Category: Grammatical Form, Grammatical Function|November 26, 2011 12:15 pm

Grammatical Form and Grammatical Function: A Metaphor

I have discovered that distinguishing between grammatical form and grammatical function is surprisingly difficult for most grammar students to grasp. In my mind, grammatical form (what a word looks like) is clearly separate from grammatical function (what a word does). But, how can I more effectively explain this difference to the non-grammar nerd?

Defining Form and Function

All languages contain a finite, or limited, number of grammatical forms. Traditional grammars use the term “parts of speech” as the term for “what a word, phrase, or clause looks like.” The English language has only eight grammatical forms or parts of speech:

  1. Noun
  2. Adjective
  3. Determiner
  4. Verb
  5. Adverb
  6. Preposition
  7. Conjunction
  8. Interjection

All languages, too, contain a finite, or limited, number of grammatical functions. Traditional grammars do not have a term for grammatical form, which is “what a word, phrase, or clause does.” Although my count may differ from the count of other grammarians, I have identified thirty-two grammatical functions in the English language:

  1. Subject
  2. Predicate
  3. Direct Object
  4. Indirect Object
  5. Subject Complement (Predicate Nominative and Predicate Adjective)
  6. Object Complement
  7. Prepositional Complement
  8. Prepositional Phrase Modifier
  9. Noun Phrase Modifier
  10. Noun Phrase Complement
  11. Noun Clause Modifier
  12. Appositive
  13. Adjective Phrase Modifier
  14. Adjective Phrase Complement
  15. Verb Phrase Modifier
  16. Verb Phrase Complement
  17. Progressive
  18. Perfect
  19. Passive
  20. Modal
  21. Operator
  22. Adverb Phrase Modifier
  23. Adjunct Adverbial
  24. Disjunct Adverbial
  25. Conjunct Adverbial
  26. Determinative
  27. Particle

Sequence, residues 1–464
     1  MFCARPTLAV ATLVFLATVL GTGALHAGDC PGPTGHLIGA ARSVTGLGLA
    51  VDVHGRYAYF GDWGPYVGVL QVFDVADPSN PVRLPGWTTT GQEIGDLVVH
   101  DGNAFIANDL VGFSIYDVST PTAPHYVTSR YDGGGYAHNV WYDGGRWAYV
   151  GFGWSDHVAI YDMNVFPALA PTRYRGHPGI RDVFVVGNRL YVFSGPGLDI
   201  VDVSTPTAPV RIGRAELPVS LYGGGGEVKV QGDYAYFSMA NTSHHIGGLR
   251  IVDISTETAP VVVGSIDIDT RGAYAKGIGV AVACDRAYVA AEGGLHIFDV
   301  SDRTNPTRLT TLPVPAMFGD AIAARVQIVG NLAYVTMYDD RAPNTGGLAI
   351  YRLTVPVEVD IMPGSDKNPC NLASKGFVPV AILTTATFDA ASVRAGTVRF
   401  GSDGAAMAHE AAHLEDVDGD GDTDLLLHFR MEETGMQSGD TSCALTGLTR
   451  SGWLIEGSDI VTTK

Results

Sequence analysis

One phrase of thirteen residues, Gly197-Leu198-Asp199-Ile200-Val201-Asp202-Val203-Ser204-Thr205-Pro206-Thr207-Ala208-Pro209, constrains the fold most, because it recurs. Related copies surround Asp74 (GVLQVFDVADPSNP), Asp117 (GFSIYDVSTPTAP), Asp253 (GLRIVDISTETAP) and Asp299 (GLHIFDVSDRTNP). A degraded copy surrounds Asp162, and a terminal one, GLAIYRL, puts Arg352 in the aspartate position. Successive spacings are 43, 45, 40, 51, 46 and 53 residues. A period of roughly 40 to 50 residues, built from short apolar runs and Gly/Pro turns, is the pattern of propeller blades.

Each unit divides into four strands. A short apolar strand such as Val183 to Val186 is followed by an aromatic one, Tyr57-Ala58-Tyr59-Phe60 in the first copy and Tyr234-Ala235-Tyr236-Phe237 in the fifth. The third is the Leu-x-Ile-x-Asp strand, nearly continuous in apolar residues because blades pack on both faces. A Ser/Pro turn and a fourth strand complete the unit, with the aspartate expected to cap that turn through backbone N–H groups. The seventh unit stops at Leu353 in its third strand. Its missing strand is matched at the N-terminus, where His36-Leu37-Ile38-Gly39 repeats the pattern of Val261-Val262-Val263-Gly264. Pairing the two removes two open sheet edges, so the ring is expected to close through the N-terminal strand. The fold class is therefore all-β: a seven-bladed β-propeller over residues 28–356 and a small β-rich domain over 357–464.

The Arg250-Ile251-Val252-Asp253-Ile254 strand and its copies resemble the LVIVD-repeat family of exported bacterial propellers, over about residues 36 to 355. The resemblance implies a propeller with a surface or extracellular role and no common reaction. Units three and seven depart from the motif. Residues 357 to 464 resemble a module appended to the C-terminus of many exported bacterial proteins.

28. Infinitive Marker
  29. Coordinator
  30. Subordinator
  31. Correlator
  32. Interjector

Of the eight grammatical forms, some forms can perform only one function while other forms can perform multiple functions. And, of the thirty-one grammatical functions, some functions can be performed by only one form while other functions can be performed by multiple forms. I get this. Form. Function. No big deal. But, clearly not all grammar students do understand the difference.

Using Metaphor

Most English teachers love to talk about metaphor. And, I think, most students at some level can grasp the idea of metaphor. So, why not use a metaphor to clarify the difference between grammatical form and grammatical function? Let’s look at people and their occupations.

First, let’s assume that we are in a world in which two types of people exist: men and women. Since we do live in this kind of world, the concept of two types of people, or forms, is relatively easy to grasp. So, the two forms of people are:

  1. Man
  2. Woman

But, what if, unlike in our world, there are only three occupations that people can have. Pretend that the people in this metaphorical world can choose to be mothers, fathers, or teachers. These three jobs are the only ones available. And, since occupations are something people do, let’s call these jobs functions. So, the three functions of people are:

  1. Mother
  2. Father
  3. Teacher